Some people do it all the time. They pack a week’s worth of activity into a weekend with pickup football games, long hikes, or marathon sessions at the gym.
While most people expect to pay for their exercise spurt with achy muscles, stiff joints, and possible injury, many dog and horse owners don’t realize their animal partners experience the same risks and discomforts after a long weekend on the trail, at the park, or in the show ring.
Our animal companions are at the same risks for injury as their humans, which may include delayed onset muscle soreness, sprains, strains, soft tissue tears, joint injury, bone bruising, or inflammation and foot pain. Horses are also at risk for laminitis and tying up. Tying up (also known as exertion rhabdomyolysis) is caused by severe muscle inflammation and can lead to muscle tissue damage, causing a muscle pigment called myoglobin to be released into the blood stream. This pigment is filtered by the kidneys and in large amounts can cause kidney damage, which could potentially be fatal to the affected horse. This is a medical emergency and a veterinarian should be contacted immediately for urgent treatment.
If you have overdone it with your dog or horse, a visit to your veterinarian is likely in order. Your veterinarian may prescribe medications to help with inflammation and pain, cold therapy, support bandages, massage, passive range of motion exercises, and rest. Do not use human pain medications for your companion animals.
This is where we should heed Benjamin Franklin’s advice: an ounce of prevention is worth a pound of cure. You need to condition your companion animals’ bodies for the exercise you want them to be able to endure, and you need to take their potential limitations into consideration as well. An English bulldog is not built for marathon running.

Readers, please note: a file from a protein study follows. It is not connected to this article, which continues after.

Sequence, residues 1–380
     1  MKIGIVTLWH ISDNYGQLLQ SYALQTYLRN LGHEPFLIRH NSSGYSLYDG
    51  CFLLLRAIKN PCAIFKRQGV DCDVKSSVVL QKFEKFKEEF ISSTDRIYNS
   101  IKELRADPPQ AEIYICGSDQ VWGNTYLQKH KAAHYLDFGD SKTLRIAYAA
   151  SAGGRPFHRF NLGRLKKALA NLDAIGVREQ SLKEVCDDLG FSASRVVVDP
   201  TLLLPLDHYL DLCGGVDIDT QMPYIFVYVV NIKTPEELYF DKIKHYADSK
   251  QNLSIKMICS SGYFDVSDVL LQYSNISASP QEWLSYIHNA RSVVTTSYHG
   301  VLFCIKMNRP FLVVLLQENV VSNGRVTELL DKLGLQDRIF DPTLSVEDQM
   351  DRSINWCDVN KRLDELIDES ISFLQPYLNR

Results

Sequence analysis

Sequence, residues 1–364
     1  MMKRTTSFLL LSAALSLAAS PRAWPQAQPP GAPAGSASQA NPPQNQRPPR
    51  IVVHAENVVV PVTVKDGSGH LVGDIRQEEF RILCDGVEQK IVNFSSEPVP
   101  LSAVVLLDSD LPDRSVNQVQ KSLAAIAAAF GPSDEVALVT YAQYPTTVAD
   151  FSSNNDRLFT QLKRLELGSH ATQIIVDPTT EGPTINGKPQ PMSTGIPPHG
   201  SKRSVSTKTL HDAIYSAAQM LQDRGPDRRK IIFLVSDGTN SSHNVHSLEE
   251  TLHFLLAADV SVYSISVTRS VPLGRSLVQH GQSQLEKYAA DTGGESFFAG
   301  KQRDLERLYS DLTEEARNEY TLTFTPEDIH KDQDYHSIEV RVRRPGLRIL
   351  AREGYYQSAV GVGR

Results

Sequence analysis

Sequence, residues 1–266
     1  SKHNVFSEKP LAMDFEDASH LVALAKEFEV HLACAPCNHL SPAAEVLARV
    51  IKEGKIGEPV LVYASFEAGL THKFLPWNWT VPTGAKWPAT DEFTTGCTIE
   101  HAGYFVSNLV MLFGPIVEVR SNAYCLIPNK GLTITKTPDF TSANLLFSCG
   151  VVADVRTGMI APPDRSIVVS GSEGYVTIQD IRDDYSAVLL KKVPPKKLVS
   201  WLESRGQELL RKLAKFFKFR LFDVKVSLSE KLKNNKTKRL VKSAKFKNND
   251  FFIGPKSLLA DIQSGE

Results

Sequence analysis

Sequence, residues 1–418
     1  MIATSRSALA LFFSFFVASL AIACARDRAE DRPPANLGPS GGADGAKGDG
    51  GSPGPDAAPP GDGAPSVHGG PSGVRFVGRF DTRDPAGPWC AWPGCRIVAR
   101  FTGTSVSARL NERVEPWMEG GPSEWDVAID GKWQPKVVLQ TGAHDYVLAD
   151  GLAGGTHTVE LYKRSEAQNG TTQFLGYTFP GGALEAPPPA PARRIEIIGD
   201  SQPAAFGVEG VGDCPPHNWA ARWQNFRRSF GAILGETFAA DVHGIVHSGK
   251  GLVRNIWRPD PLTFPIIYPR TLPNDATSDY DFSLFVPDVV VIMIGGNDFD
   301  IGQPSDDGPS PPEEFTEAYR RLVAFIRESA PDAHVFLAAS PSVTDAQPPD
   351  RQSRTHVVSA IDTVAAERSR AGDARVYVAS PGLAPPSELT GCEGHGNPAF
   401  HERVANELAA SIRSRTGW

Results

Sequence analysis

A horse turned out to pasture, or a dog put out in the yard is not going to exercise themselves enough to challenge their body’s tissues to gain the strength and flexibility required for more strenuous activities. Owners need to put in the time to regularly exercise their horses and dogs three to four times per week for 30 to 45 minute sessions, or longer once the animals are in good shape. If you can’t do this personally, it might be a good idea to consider hiring a trainer.
To avoid injury, it’s also important not to overdo exercising an unfit animal if they’re normally only exercised intermittently. Be mindful that you’re determining workout duration and intensity, and don’t push your companion too far. You also need to consider the age of your pet. Immature, growing animals and geriatrics cannot perform to the same levels as mature young adults. If you need some guidance on what’s appropriate for your animal, consult with your veterinarian. The take-home message is to ensure your animal’s body is fit enough for the task ahead — and if it isn’t, then be sure to put the time and training in to get them there first.
Dr. Kim Jones joined the North Peace Veterinary Clinic care team in 2009 after graduating with distinction from the Western College of Veterinary Medicine.